Land Options: Choosing the Right Site for Your Home

When choosing where to place your new home, you have two primary options: placing your home on land you own or intend to purchase, or leasing property on a private lot, in a planned community, or in a park.

If you are looking for property to purchase, we can help. We have contacts with agents who are experienced with sourcing land.

Buying property – Own Land

Owning the property under a home is attractive to many buyers. It may make it easier to qualify for conventional financing and the land and home together may appreciate faster than owning a home alone.

Developing Your Property

Already found or have the land on which you want to build? Congratulations! A Fleetwood home can be ideal for placing on undeveloped land. To ensure the timeliness of the delivery process, the utilities hook up, and any site improvements, it is important to take some precautions to provide long-term durability for your new home.

Zoning – Are there any regulations that would prevent siting your home on your land? A title search will probably reveal any such restrictions.
Access – Is there adequate access to the site for delivery of your home?
Utilities – Is there access to utilities such as electricity, gas or alternate fuel, water, sewer or septic tank?
Permits – What is required in your community? More than one permit may be required for site improvement and the installation of your home.

Buying land in a subdivision

An increasingly popular option is purchasing a lot in a planned subdivision. These are attractive, well thought-out communities. One big advantage they offer is that much of the preparation work, including streets, lights, landscaping and utilities, has already been done. As with undeveloped land, consider the practical factors:

Are there covenants and/or home owners’ associations?
Ask the locals – What are their experiences with the community management?
Amenities – What is available in the community?

Leasing property

Leasing a site can be a less expensive option and is typically less complicated than buying property. However, it is important to keep in mind that you own the home and not the land.

The Benefits of Leasing

Leasing can be a good option because the costs of the property are usually much lower than buying land outright. Your housing consultant can help you find rental communities in your area. Often, leasing property may have costs over and above your rent. Ask questions and be sure to know what you’re committing to.

Understand the Lease Details

Make sure you understand and can live with the terms of your lease. As with purchasing land, there are a number of issues to consider:

Lease – Is there a written contract? What are the terms?
Relocation – Are there provisions in the lease to protect you if the property owner sells? Will the owner help with moving expenses?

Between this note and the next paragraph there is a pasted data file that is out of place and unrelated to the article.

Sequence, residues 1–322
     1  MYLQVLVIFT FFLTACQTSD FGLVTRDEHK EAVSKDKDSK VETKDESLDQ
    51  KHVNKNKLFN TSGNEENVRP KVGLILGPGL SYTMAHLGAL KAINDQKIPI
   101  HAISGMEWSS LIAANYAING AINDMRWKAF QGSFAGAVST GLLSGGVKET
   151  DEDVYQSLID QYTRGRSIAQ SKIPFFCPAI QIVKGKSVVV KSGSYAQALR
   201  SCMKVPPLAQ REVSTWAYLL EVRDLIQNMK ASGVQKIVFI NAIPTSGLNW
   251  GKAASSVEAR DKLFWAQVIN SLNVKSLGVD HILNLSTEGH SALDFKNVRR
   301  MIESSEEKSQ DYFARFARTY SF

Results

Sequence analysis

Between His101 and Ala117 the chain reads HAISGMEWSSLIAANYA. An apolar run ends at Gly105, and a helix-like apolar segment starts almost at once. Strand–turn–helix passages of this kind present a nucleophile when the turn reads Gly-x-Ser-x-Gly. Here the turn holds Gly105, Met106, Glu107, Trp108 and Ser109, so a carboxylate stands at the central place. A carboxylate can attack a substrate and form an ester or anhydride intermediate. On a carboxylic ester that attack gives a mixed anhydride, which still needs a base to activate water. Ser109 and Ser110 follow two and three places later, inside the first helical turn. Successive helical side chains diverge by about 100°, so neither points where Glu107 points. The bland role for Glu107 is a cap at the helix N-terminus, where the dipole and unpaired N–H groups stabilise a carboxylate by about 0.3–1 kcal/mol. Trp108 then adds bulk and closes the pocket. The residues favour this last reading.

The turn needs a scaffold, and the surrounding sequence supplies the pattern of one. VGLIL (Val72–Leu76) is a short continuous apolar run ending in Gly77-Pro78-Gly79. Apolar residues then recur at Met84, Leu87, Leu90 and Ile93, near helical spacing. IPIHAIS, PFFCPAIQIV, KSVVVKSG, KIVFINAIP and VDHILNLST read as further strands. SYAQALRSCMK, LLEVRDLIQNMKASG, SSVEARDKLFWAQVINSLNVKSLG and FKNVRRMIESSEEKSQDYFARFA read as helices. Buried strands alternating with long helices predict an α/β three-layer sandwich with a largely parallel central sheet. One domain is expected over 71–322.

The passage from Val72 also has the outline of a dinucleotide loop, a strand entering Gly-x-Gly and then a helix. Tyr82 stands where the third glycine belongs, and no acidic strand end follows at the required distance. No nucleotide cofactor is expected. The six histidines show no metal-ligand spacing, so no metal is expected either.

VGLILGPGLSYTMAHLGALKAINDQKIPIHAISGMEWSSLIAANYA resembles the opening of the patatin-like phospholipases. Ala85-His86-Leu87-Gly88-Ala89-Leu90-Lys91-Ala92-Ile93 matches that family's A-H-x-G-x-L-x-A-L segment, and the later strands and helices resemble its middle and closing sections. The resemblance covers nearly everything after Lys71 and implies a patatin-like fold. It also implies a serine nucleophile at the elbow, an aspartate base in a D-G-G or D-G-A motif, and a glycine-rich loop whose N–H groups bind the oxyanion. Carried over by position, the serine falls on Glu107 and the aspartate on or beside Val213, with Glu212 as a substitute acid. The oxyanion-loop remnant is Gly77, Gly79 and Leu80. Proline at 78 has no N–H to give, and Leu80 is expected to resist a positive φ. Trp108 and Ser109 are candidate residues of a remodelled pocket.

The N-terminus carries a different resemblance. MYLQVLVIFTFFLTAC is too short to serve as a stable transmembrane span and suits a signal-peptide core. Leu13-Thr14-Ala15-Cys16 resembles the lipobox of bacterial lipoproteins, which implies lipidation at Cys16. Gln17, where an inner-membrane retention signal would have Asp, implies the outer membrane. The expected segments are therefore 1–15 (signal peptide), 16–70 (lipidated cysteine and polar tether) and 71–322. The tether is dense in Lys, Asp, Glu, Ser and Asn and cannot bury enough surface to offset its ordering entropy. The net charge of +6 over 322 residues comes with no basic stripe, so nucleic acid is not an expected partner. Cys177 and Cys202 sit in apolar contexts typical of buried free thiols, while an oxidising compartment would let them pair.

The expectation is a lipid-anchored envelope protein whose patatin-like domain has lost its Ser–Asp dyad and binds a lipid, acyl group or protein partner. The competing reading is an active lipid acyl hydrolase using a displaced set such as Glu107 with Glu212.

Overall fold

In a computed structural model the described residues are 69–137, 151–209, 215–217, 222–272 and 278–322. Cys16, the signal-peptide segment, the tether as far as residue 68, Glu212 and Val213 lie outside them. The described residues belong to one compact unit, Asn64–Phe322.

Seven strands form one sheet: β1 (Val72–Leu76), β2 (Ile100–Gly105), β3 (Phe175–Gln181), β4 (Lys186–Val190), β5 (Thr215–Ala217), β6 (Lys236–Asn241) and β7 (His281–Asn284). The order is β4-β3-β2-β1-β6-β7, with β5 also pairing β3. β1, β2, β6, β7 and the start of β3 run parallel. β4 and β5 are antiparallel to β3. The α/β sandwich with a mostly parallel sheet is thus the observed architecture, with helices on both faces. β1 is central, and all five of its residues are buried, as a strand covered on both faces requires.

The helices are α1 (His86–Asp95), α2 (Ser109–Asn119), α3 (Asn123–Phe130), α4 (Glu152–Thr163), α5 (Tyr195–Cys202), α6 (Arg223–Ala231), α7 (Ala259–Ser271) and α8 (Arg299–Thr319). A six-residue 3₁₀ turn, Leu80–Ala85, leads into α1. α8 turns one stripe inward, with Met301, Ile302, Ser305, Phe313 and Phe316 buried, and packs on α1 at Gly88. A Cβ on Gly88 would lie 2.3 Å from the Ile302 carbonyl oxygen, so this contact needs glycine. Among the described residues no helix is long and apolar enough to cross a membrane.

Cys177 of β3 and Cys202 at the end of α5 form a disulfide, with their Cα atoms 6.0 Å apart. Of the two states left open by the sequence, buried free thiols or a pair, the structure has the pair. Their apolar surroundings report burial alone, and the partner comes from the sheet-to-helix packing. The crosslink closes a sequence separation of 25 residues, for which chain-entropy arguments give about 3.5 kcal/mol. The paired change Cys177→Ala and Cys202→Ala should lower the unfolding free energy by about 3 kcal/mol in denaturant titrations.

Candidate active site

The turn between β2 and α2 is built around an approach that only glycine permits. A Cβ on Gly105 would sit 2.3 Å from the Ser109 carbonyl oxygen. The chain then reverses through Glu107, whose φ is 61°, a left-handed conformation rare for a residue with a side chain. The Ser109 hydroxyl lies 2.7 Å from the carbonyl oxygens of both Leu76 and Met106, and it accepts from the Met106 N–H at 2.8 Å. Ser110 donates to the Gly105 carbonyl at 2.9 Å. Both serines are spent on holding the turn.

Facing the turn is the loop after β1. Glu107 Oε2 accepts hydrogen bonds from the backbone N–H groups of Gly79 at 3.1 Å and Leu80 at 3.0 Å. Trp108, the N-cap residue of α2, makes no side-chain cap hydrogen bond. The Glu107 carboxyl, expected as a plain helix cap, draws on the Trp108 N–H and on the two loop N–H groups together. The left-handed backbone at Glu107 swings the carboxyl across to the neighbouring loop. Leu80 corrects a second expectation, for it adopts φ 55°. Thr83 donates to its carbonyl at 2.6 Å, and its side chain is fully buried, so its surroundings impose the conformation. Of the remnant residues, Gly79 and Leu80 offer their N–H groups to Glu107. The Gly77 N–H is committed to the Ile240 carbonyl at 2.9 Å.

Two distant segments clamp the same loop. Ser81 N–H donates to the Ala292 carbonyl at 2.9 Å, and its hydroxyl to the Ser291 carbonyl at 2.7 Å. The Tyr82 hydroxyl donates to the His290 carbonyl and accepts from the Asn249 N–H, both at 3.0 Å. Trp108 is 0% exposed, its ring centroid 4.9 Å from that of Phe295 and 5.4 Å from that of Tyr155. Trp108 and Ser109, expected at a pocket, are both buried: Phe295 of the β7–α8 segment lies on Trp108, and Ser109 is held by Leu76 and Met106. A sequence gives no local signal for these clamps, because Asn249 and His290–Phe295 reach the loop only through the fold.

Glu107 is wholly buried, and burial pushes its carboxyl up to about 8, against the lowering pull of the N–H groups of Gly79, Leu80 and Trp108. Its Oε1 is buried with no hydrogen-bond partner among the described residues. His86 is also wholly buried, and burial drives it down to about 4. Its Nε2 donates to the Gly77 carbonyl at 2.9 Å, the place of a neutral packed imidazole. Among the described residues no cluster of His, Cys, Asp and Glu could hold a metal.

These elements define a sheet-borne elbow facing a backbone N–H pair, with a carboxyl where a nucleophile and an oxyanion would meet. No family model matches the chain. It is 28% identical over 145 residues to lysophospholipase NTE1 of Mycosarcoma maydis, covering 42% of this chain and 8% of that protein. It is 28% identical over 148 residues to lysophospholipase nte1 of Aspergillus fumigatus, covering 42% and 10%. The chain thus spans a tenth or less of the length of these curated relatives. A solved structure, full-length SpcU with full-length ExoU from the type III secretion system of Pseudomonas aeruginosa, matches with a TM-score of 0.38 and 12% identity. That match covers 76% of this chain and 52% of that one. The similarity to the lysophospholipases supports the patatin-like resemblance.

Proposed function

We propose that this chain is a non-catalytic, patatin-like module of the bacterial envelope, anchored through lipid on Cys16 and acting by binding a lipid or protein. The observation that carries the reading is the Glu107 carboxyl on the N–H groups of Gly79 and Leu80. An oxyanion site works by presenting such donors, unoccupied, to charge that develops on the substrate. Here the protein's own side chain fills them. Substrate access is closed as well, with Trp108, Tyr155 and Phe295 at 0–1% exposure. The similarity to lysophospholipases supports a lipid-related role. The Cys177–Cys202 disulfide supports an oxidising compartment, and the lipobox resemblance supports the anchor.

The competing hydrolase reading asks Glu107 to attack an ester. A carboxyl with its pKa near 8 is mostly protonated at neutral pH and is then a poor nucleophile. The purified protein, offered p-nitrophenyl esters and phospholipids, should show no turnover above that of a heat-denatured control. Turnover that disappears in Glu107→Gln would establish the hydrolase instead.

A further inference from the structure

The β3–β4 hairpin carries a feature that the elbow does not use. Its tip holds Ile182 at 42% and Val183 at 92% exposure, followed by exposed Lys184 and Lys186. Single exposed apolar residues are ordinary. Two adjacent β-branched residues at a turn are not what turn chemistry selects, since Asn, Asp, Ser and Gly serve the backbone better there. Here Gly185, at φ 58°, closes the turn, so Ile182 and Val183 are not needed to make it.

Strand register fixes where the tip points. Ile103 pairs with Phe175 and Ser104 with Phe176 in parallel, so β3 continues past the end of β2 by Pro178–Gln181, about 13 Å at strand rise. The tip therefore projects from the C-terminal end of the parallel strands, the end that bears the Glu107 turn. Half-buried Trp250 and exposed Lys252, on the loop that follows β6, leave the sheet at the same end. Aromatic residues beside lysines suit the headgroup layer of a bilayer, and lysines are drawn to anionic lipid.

Rules – If the property is in a community, are there rules and regulations that tenants must abide by?
Fees – Who pays for installation costs and maintenance? What are the costs for utility connections?
Amenities – Are there golf courses, tennis courts, club houses, or other amenities that match your lifestyle?


The Package Deal

Buying property and a Fleetwood home at the same time, also called a “land/home” transaction, offers the buyer some big advantages.

FHA/VA/Conventional Financing – real property is involved, a better interest rate may be available.
Equity growth – A Fleetwood home on property you own can appreciate just as a site-built home does.
Flexibility – You’re free to choose the land you want and to site your home to the best advantage.

Land/Home Options

Check with us for “land/home” packages for sale. These either have new homes in place or the buyer can choose which home they want on an undeveloped site. The advantages of better financing and the flexibility to choose make land/home attractive to many buyers.

Buying in a Planned Community

Choose Your Lifestyle

Want to live close to beaches? Want to golf every day? Planned communities might be just what you’re looking for. These developments feature homes and often other amenities like clubhouses, planned activities and swimming pools. You purchase the home and lease the land. This allows you to stretch your budgets because you are not buying the property.

Understand the Rules

Many planned communities cater to seniors and restrict the number of young people. Other communities are open to families. Most have a homeowners’ association and detailed rules that owners must follow. If you’re interested in a planned community, consider:

Lifestyle – Does the community cater to your tastes and interests? Do you want to live in a senior-only environment?
Lease – What are the terms?
Rules – What are the rules and regulations and how are they enforced?
Dues – What are the ongoing homeowner dues?
Fees – Who pays for installation costs and maintenance? What are the costs for utility connections?

Talk to the Neighbors

If you’ve found a community you like, be sure to talk to the people that live there. How do they like the community? How are conflicts resolved? Do the owners take care of the property?